I’m beginning to wonder if the specter of rattlesnakes and mountain lions pales in comparison to Scottish midges.
Well I assume it was midges as I was only a few miles south of the Scottish border activating Ros Castle today (G/SB-009) where my best efforts to not get bitten failed miserably despite being bundled.
What tips can you offer up to avoid being midge bait?
This issue was discussed about a year ago in some depth.
It was eventually concluded that a cosmetic product called “Avon Skin So Soft” acts as a very effective midge repellent! I have used it myself and found that it works very well. It is a light, mildly perfumed oil. You can get it in 150 ml spray bottles from Amazon. I understand that in the Scottish highlands many general stores and pharmacies sell it. It is not very expensive!
No doubt alternative products are available.
Thanks and I’ll acquire some of Avon’s finest.
It’s a very bad year. SB area midges are somewhat weak and pathetic compared to their West Coast cousins which can strip a man to bone in minutes!
It seems that midge treatments/repellents depend a lot on the person wearing them. Some treatments are better on you than others, you need to find which works for you.
Robin GM7PKT put me onto Smidge. Not cheap but it works brilliantly for me. The best I’ve ever used. But if you leave a tiny patch of exposed untreated skin, they will go for that.
Avon Skin-so-soft. Is not a repellent but they don’t like the taste. You have them buzzing around you and the stick to it on your skin but they don’t bite.
Both of those have a pleasant aroma and do not include nasty insecticides. Smidge works better but is 4x the cost and doesn’t leave your skin a bit tacky the way Skin-so-Soft does.
There are plenty of DEET based repellents but these use nasty organo-phosphorous compounds and some can melt the plastics used in modern walking clothes and waterproofs.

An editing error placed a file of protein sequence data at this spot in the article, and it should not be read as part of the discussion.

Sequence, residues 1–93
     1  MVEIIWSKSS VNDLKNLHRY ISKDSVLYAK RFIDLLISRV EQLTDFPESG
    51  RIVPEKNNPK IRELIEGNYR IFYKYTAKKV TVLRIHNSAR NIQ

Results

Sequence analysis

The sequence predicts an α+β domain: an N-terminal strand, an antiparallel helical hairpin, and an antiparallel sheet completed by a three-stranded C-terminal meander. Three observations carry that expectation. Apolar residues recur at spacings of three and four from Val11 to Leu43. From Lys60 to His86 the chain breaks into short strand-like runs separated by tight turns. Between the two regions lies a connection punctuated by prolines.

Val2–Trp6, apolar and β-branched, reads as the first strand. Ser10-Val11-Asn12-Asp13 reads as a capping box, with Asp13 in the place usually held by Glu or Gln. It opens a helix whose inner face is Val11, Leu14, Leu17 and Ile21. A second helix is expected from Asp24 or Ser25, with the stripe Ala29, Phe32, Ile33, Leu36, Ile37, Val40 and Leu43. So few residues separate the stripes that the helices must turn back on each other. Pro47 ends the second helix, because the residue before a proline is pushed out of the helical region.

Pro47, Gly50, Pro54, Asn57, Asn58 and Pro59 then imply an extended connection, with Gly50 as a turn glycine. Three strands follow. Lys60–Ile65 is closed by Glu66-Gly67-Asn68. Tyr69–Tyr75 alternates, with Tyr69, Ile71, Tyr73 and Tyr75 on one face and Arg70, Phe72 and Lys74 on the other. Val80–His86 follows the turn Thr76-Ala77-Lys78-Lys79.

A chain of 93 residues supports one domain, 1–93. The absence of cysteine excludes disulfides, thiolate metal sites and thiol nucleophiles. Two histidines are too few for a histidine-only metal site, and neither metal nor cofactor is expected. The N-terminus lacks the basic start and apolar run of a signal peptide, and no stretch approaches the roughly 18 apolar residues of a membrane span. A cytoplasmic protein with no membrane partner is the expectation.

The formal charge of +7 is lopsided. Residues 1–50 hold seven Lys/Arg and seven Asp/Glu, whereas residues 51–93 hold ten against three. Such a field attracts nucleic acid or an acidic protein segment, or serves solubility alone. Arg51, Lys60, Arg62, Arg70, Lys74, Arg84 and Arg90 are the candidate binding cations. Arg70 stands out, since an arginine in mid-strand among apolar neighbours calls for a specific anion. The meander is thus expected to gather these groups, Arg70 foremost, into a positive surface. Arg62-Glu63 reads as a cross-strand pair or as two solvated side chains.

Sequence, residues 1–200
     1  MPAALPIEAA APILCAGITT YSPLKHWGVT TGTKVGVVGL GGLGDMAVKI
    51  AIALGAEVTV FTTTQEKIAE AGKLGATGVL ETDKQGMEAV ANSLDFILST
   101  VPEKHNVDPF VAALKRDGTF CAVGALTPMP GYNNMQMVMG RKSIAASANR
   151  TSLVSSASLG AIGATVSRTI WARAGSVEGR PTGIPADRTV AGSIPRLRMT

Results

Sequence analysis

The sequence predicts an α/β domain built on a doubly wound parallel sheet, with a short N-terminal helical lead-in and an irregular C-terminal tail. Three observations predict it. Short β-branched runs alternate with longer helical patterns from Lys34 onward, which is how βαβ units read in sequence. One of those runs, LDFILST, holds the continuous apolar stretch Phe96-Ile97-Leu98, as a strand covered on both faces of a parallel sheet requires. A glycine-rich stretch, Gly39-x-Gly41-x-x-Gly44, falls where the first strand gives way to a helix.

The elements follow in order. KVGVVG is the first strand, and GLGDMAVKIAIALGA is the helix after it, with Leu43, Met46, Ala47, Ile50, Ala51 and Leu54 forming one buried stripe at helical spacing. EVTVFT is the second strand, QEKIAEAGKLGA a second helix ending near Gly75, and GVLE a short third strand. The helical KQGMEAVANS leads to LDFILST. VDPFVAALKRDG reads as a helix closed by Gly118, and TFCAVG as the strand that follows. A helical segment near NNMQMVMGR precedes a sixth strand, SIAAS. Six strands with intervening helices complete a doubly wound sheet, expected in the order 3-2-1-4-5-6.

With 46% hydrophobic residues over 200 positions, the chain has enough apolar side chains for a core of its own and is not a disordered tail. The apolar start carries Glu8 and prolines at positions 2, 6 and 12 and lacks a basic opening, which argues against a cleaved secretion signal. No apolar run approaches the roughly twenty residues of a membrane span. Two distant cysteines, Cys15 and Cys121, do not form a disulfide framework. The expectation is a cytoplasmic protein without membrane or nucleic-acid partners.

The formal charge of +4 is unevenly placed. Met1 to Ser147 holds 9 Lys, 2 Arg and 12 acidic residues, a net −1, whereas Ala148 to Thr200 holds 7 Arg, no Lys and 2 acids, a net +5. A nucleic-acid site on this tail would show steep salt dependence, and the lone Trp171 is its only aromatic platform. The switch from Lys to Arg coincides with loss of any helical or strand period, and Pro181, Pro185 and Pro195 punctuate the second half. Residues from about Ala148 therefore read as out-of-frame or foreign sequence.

A midge net for your head is wonderful. You can ignore the ones flying around your face then.
Midges in the Highlands find me so attractive that even the best treatments fail. My solution? Avoid Scotland from June to September!
Beware using Avon Skin So Soft on sunny days, it’ll fry you like a tanning oil. However, if you’re not a peely wally, pasty faced (of a fairer complexion) Scotsman, you may get away with wearing it in the sun.
Good tip and the sun is not my friend either.
Bushman / Deet is used a lot in Australia but can be bought in Europe from Amazon and others.
Aerogaurd Tropical Strength is also well respected in Aus.
Autan is another good one in Europe - again available from Amazon and elsewhere.
Up Kitt hill G/DC-003 this morning and no midges, they migrated north prior.
Ps Thanks for the S2S this morning on 40m
Up to 700 midge larvae per square metre in Scotland.
ROTFL! It’s only Teuchters who are peely wally and fair skinned. I am a dark-skinned, black-haired Lowland Scotsman of the Celtic variety (nothing to do with football, I hasten to add), so I have no such problems.